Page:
Now not forgetting for a moment that once you get a couple of hundred clicks inland from which ever coast you may be departing the quality of the roads often declines while the distance and travel times between towns only increases. You’ll need plenty of fuel, a big arse esky, bloody gallons of drinking water… and don’t forget to bolt something pretty solid to the front grill, I’ve hit a few things in my day (on the road that is) and even with a four or five post bulbar & matching side rails… some of the wild life hits pretty hard.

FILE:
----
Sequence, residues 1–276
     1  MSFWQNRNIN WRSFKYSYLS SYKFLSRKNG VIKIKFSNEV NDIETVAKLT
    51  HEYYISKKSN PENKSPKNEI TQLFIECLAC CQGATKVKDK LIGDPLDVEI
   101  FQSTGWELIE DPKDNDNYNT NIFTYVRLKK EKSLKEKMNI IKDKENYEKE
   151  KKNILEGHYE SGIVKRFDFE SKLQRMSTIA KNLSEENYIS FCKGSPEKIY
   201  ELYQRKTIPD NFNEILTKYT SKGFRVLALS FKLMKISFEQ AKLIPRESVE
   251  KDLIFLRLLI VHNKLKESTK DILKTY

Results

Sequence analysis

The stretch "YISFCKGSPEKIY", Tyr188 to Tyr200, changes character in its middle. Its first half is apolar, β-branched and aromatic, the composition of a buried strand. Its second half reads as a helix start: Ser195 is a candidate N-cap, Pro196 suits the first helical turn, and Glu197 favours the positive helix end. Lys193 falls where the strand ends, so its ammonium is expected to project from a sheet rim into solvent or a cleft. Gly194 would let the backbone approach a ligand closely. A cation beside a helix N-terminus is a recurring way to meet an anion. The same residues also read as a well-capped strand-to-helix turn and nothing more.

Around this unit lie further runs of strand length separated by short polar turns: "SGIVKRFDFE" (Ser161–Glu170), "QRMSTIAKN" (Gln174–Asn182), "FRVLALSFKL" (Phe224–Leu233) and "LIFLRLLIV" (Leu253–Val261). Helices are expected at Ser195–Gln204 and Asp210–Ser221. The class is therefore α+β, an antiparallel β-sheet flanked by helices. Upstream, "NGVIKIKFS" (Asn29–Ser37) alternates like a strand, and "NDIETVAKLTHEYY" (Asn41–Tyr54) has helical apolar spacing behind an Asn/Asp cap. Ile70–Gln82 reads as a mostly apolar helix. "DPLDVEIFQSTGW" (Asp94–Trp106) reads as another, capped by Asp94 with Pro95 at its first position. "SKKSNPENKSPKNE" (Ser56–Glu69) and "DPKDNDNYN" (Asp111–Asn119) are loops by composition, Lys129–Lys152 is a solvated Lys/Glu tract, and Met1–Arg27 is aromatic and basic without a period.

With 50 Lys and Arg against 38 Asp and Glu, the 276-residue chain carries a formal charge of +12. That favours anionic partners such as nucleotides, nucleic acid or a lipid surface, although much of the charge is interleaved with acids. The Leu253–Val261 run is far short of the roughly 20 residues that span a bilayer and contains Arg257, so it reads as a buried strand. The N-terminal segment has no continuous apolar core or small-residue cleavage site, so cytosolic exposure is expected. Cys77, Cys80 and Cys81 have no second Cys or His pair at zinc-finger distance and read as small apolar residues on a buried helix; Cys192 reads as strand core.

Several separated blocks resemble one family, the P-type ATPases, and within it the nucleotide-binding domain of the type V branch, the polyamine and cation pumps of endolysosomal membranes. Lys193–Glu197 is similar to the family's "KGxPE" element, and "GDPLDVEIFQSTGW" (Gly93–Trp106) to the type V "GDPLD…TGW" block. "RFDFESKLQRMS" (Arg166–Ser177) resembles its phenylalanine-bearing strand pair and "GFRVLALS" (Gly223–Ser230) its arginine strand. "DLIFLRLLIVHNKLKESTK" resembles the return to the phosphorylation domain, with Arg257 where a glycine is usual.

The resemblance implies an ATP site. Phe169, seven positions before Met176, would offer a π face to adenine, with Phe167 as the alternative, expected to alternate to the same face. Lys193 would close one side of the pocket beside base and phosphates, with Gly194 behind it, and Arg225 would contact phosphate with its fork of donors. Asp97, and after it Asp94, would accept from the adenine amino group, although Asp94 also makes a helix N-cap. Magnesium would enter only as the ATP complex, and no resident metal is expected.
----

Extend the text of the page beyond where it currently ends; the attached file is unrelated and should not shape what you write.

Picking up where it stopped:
So moving on… having spent many hours and in some cases days trapped in the vehicle and navigating the Aussie bushland and countless back roads your journey draws to a close. You have survived the trip north, south, east or west and arrived safety at your chosen destination, be it for work, pleasure, travels or games… the real test of human V’s ‘outback’ now begins. You step out of the vehicle without appropriate footwear and quickly find you’ve buried a three pronged goat head burr into the heel of your foot, and while often easy enough to remove the pain of the injury incurred will remain long after. Be it bare foot, simple sandal or even the mighty aussie thong are all soon helpless to the sheer brutality of the man-killing goat head.